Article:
Electric Vehicles and the Smart Power Grid

7 November, 2017 | Publications, Vehicular Technology

Article by Christian Wietfeld, TU Dortmund University, Germany

For many reasons, electric vehicles are regarded as the key element of a future environmentally friendly form of mobility, both for individuals but also for public transport and logistics. Prominent indicators for this trend are the recent decision of China to mandate a 10% share of electric vehicles sales from 2018 onwards as well as the fully electric van Streetscooter developed by DHL for logistics applications.

Overview of E-Mobility communications interfaces and standards (Source: TU Dortmund)

The increased share of electric vehicles will also challenge the capacity of the power grid. While a single electric vehicle charged overnight through a standard plug (typically at around 10 A for AC charging) can be regarded as a useful complement to provide a continuous load, the parallel fast charging (up to several 100 A for DC charging per vehicle) of multiple vehicles may easily lead to overload and instability of the power grid, if not controlled intelligently.

In this context, the international specification for vehicle-to-grid communications developed by the standards groups IEC 61851 and ISO/IEC 15118 play an essential role: they offer so-called “low-level” communication to provide safe electric connectivity and basic means to control the charging current depending on the capabilities of the vehicle’s battery and the power grid.

A robust PWM (Pulse-Width-Modulation) signal allows for example to adapt the charging process to the availability of “green energy” from wind parks and photovoltaic. But only the so-called “high-level” communication of ISO/IEC 15118 allows for sophisticated control options and advanced mobility services for the so-called Combined-Charging System (CCS), which supports both AC and DC conductive charging.

As an example, the so-called “Plug and Charge” feature allows to authenticate the user’s charging process just by plugging in the vehicle without requiring any further manual interaction of the user. This is achieved by digital certificates and a Public Key Infrastructure (PKI). The user may furthermore specify a dedicated point-in-time until when the vehicle should be charged at a certain level.

The grid may then optimize across different vehicles to be charged within a certain part of the grid in order to avoid overload, apply certain tariff options (e.g. slower night-time charging vs. fast rush hour charging) and availability of preferred sources of electric energy. With the aim to integrate communication and electric power flow as tightly as possible Power Line Communication (according to the Homeplug Green PHY specification) along the charging cable has been leveraged for the CCS Vehicle-to-Grid communication.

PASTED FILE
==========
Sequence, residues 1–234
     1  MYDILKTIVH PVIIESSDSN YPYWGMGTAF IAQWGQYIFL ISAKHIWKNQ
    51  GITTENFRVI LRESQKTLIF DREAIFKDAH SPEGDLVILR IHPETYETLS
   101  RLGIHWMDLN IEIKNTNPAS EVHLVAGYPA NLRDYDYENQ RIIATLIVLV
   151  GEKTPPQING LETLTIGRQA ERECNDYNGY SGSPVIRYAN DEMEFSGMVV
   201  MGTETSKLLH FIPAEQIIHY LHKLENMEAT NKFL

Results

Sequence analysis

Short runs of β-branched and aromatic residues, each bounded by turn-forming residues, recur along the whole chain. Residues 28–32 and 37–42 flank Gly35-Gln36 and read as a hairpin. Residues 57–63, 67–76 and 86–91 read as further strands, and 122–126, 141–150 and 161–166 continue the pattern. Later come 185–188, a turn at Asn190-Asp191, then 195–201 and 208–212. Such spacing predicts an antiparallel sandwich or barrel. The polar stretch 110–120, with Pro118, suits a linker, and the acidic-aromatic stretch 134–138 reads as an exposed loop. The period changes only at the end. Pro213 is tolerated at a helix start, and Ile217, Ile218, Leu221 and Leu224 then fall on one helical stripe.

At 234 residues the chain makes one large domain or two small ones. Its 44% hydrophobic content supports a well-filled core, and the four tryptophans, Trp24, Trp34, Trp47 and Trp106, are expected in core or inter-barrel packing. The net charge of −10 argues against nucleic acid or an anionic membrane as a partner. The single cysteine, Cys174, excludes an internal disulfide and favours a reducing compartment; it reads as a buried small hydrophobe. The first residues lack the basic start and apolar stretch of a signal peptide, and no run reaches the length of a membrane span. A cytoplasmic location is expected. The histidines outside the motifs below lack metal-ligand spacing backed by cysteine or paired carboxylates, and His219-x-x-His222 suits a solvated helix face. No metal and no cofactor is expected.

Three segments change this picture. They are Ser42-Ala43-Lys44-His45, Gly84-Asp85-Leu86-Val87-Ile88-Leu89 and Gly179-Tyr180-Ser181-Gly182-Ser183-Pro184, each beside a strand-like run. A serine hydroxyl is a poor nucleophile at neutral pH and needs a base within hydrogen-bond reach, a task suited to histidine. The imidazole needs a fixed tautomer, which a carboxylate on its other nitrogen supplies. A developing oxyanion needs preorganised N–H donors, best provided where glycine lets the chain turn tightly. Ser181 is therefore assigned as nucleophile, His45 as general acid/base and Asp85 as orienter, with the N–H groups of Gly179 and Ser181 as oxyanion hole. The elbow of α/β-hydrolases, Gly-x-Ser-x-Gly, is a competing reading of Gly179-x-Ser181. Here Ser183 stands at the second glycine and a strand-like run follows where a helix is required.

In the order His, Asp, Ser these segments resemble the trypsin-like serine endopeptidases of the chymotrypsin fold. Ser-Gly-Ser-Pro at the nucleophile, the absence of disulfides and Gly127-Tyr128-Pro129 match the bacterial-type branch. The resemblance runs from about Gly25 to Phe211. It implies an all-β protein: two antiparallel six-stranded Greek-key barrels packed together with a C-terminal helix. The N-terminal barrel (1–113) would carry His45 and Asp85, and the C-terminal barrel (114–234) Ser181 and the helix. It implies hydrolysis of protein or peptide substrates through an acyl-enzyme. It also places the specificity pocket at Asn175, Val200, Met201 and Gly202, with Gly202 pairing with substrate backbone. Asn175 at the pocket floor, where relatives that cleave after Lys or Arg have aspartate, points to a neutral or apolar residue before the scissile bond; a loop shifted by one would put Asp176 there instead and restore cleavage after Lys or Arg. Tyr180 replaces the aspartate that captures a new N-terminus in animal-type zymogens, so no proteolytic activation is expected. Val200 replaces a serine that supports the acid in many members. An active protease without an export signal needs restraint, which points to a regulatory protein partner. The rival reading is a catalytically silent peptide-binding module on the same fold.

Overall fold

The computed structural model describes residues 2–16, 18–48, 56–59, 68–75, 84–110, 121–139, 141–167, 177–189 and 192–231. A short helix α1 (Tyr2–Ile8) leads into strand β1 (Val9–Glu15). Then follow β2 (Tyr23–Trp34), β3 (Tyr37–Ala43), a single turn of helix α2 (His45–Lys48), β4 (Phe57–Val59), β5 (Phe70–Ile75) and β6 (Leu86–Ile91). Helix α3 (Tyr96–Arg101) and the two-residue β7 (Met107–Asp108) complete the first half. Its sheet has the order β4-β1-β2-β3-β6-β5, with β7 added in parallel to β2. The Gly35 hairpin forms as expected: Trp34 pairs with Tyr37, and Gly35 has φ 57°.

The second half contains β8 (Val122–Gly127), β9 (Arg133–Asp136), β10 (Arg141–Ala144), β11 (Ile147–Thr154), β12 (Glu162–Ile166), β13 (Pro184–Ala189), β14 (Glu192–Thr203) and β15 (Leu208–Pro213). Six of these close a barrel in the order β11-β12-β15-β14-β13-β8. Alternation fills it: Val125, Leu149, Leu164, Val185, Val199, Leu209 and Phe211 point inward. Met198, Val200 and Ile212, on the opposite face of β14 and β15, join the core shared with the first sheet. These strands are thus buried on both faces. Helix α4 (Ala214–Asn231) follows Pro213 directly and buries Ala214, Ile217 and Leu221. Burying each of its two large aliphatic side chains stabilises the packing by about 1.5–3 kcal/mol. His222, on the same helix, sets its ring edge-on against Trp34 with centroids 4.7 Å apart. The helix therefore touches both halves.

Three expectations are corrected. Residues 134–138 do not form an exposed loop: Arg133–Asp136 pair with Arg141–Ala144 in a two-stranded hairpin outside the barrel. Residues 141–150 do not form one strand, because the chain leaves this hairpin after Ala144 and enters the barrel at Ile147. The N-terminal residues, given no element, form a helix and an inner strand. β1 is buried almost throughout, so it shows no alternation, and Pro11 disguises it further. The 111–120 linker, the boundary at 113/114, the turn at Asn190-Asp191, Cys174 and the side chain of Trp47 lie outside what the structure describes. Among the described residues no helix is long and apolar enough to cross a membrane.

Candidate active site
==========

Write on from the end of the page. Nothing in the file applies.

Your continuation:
Combined-Charging-System-Interoperability Test System for E-Vehicles (left) and impressions from Testing Symposium at TU Dortmund University, Germany (right)

When defining the requirements for this new control communication for electric vehicles, representatives of the automotive industry, the utilities sector, and the information and communications industry work closely together. In order to avoid that early adopters of electric vehicles are annoyed by malfunctioning charging processes, an essential success factor is interoperability from day 1.

A first step to achieve this ambitious goal is the development of conformance test procedures based on TTCN-3 (Tree and Tabular Combined Notation) within the ISO/IEC 15118 committee, led by the TU Dortmund University with the support of the German Federal Ministry of Economic Affairs and Energy.

But the essential checkpoint for interoperability is provided by a dedicated series of testing symposia, in which pre-market implementations can be tested by all interested industry participants in an open but secure environment, facilitating the process of achieving cross-vendor interoperability.

This worldwide effort is coordinated by the team of TU Dortmund since 2014 and took place already 6 times across Europe, the US and Asia. Since 2016 it is supported by the international Charging Interface Initiative (CharIN, www.charinev.org). The upcoming 7th CCS testing symposium will take place in Canada in November 2017 (www.testing-symposium.net).

While the rollout of the combined charging system is ongoing on a large scale, new charging options, in particular inductive charging, call for wireless Vehicle-to-Grid communication. Therefore, a new initiative in the ISO/IEC 15118 standards series addresses an IEEE 802.11n-based communication option. This development ensures that electric vehicles and the power grid will be able to continue talking also along the future steps of the E-Mobility (r)evolution.


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